Teach Me the Rhythm

January Playlist Highlights






Ritmo de pollo Ritmo de Pollo - 20 Superhits Charangueros Fajardo y sus Estrellas 1950s Charanga Cuba
Mi Gran Pasion Mi Gran Pasión - Mi Gran Pasión Gonzalo Rubalcaba Danzón Cuba
Tintorera Ya Llegó Tintorera Ya Llegó - Legendary Sessions Chano Pozo y Arsenio Rodríguez Son Montuno Cuba
Tres Lindas Cubanas Tres Lindas Cubanas - Grabaciones Completas 1925-1931 Volumen 1: Tres Lindas Cubanas Sexteto Y Septeto Havanero Son Cuba
Chirrín chirrán Chirrín Chirrán - Colección Juan Formell y Los Van Van, Vol. II Los Van Van Songo Cuba
Bacalao con Pan Bacalao Con Pan - Irakere: Coleccion, Vol. 1 Irakere Modern Jazzband Cuba
Changui Clave Changui Clave - Elio Revé y Su Charangón (Vol. 2) Elio Revé y su Charangón Charangón Cuba
Nube Pasajera Nube pasajera - Pa' Que Se Entere la Habana Charanga Habanera Timba Cuba
Hablando en Serio Hablando en Serio - Hablando en Serio Manolito Simonet y Su Trabuco Timba Cuba
Pegaíto, pegaíto Pegaíto, pegaíto - Estamos pegaos Manolín, El Médico De La Salsa Timba Cuba
Oru Seco Opening: Orun Seco - Yemayá I Abbilona Yoruba – batá Cuba
Makuta Makuta - Iyabakua - Afro-Cuban Traditional Music


Bantu – makuta Cuba


Beyond Salsa for Beginners, An Introduction to Latin Music for Dancers and Listeners – Reviewed

For anyone interested in Cuban Timba or Cuban music in general a great web resource is Timba.com.   One of the driving forces behind the site is its co-founder and musical editor Kevin Moore.  Not only does Kevin help maintain the site he also writes books, a lot of books, on the subject of Cuban music.  I have been meaning to get a hold of one of these for a while but have made the excuse that they are intended for musicians or aspiring musicians or people with more musical background than me.  That was my excuse up until last November when he released Beyond Salsa for Beginners – An Introduction to Latin Music for Dancers and Listeners.   I may not be a musician or musically talented but I do love to dance and am pretty passionate about Latin music so no more excuses.  I picked up a copy of the book shortly before Christmas and have been working my way through it since.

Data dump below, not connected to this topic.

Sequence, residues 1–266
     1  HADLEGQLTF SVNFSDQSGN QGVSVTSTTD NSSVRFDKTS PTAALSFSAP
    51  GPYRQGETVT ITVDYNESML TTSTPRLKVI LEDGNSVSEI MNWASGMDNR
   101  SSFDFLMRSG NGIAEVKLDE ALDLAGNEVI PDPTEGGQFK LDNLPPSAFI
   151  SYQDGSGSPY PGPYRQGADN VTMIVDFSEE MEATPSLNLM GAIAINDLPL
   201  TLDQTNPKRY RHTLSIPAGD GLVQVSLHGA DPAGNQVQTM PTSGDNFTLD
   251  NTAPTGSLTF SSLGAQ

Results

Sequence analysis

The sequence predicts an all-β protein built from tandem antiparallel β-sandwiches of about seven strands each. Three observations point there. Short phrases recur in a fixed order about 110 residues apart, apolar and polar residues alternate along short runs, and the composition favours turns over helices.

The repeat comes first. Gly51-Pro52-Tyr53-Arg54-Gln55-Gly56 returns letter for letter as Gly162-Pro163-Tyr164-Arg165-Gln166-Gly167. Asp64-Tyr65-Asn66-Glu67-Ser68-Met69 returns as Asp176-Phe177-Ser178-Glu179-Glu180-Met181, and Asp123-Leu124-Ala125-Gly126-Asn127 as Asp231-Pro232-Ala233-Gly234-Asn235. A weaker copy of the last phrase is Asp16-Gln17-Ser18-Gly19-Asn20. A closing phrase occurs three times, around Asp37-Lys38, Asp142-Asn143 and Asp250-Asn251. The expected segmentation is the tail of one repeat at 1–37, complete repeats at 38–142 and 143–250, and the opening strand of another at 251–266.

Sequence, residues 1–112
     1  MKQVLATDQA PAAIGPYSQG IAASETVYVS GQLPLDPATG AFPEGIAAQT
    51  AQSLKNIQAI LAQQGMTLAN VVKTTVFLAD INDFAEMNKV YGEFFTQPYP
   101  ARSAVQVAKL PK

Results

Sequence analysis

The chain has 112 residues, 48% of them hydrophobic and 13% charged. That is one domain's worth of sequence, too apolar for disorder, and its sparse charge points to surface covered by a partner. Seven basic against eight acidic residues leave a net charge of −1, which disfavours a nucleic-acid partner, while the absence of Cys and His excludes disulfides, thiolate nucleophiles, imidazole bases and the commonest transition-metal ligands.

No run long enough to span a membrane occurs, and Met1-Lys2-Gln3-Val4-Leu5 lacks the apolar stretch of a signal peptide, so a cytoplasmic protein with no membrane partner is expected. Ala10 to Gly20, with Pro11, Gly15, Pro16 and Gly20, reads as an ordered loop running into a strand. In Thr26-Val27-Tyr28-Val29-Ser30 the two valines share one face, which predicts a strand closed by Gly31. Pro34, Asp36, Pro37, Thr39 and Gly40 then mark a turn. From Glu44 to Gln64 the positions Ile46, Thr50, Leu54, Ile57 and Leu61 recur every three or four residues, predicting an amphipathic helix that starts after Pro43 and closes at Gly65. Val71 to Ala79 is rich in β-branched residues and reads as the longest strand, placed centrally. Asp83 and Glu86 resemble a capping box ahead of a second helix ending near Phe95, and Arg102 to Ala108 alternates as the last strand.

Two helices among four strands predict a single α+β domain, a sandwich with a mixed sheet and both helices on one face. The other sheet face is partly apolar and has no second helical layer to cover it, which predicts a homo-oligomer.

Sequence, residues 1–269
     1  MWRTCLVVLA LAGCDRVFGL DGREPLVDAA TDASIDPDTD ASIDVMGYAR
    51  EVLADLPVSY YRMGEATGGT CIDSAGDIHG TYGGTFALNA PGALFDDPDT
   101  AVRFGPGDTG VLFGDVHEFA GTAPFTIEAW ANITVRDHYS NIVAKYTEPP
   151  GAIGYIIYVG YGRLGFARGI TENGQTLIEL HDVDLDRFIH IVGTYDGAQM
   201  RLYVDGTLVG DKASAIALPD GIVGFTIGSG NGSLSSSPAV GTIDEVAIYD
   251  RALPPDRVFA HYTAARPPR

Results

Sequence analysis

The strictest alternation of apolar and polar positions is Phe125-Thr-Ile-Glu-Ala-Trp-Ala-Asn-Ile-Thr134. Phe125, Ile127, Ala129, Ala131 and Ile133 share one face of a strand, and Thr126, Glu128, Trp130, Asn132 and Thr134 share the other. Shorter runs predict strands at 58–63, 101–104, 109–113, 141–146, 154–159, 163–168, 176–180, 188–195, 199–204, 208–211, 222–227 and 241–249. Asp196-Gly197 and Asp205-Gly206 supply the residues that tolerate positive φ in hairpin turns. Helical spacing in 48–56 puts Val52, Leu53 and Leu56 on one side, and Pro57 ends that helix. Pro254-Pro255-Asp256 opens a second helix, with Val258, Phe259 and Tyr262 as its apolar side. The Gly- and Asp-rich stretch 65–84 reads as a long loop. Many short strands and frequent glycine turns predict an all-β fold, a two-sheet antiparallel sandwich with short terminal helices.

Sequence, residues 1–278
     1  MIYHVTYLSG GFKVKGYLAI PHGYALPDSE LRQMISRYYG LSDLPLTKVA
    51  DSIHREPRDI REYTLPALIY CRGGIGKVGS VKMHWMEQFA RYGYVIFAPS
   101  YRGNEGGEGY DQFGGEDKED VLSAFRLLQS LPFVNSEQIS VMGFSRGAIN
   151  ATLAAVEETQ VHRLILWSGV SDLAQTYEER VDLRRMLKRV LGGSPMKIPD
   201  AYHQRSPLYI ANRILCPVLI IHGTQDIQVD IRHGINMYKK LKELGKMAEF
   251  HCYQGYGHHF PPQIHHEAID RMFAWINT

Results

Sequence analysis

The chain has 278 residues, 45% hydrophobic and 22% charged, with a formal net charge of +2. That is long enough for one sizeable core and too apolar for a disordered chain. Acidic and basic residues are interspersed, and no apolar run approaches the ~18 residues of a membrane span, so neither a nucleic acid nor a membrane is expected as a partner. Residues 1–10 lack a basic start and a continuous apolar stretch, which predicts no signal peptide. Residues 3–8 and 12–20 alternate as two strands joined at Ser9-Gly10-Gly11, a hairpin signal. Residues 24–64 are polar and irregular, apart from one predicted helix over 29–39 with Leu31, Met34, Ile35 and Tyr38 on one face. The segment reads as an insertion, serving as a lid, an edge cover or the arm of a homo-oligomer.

At 250 pages Beyond Salsa for Beginners is not large but I am amazed at how long it’s taken me to get through it.  I’m a slow reader for sure but the book truly is packed full of really interesting info and stacks of song suggestions.  I have probably spent triple the time listening to the musical suggestions from the book as I have reading it.  The point here is that Beyond Salsa for Beginners is really not meant to be absorbed in an evening but is something that should be enjoyed and studied over a period of time to truly get the benefit of all the details that are packed into it.